Dateline Northampton, Dec. 9, 1930

Well, this time I’m getting an early start! Eighty years ago tomorrow, Calvin Coolidge wrote his daily “Calvin Coolidge Says” column about a subject near and dear to his heart, and also somewhat pertinent to our day and age – taxation:

The Congress has before it two distinct problems which in their solution conflict with each other. One is the necessity of providing revenue to meet obligations already incurred, or any new commitments for relief. The other is to do what it can to encourage business. The obligations must be met. But that requires taxes and perhaps more taxes. That will retard business. The answer may lie in temporary borrowing to meet temporary emergency. The danger there is extravagance.

It would seem perfectly clear that business will not be improved by spending tax money. Taxes are already too high. With all the national reductions, states and municipalities have raised taxes until the grand total is about  $13,000,000,000.

Nothing would so encourage business than a reduction of this local and national burden. In 1921 it was particularly the drastic cuts in Federal expenses and taxes that brought economic revival.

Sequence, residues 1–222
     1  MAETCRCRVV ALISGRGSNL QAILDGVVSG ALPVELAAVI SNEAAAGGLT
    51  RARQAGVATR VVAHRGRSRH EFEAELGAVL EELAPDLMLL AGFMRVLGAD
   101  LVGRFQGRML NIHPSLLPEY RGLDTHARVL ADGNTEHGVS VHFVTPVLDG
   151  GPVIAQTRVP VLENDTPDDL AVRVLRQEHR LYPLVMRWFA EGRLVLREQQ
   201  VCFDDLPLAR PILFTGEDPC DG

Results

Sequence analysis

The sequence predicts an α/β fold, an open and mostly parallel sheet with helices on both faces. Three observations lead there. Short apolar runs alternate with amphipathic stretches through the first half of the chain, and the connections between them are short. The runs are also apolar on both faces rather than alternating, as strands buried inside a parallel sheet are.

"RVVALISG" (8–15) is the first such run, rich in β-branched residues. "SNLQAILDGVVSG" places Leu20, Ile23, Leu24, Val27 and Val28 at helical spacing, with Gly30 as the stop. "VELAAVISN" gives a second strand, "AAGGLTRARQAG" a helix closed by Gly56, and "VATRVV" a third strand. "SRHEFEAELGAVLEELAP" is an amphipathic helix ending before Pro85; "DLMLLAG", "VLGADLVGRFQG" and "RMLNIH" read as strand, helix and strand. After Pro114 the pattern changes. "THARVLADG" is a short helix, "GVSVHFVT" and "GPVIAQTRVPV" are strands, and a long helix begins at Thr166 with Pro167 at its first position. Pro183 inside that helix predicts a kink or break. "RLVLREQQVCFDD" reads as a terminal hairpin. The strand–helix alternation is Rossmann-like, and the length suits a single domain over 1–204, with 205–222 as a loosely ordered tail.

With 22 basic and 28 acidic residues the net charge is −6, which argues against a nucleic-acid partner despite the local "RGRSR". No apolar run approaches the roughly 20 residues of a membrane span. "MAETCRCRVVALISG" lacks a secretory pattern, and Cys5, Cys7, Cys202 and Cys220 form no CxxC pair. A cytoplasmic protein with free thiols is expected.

While relief must be provided, those who now advocate higher taxes may be meeting the Treasury requirements but are postponing prosperity. Those who seek to improve our economic position by spending more tax money are going in the wrong direction. Rigid governmental economy would finally solve both problems.

Interestingly for those who now approvingly quote Coolidge (or Mellon) policies, it is clearly apparent that Coolidge was not of the “deficits don’t matter” school. As Joe Thorndike has only recently pointed out, Coolidge was for tax reduction when accompanied by rigid government economy, and certainly not in favor of extravagant borrowing – I’m positive he would be aghast at today’s levels of national indebtedness.

Coolidge Symposium, October 7, 2010

If you’re interested in what latest research and scholarship on Calvin Coolidge have to offer, and if you want to join in celebrating the 50th Anniversary of The Calvin Coolidge Memorial Foundation, mark your calendars October 7th, 2010:

Under the heading “Straight Talk”, a symposium and gala dinner will be held at the JFK Presidential Library & Museum in Boston. Please refer to the links or the uploaded information, or please refer back to this post as new information about scheduled speakers will be added (Amity Shlaes, Joe Thorndike, Jack Bogle, Michael Dukakis, David Pietrusza, John Van Til and Carl S. Anthony are among the authors and scholars invited to speak).

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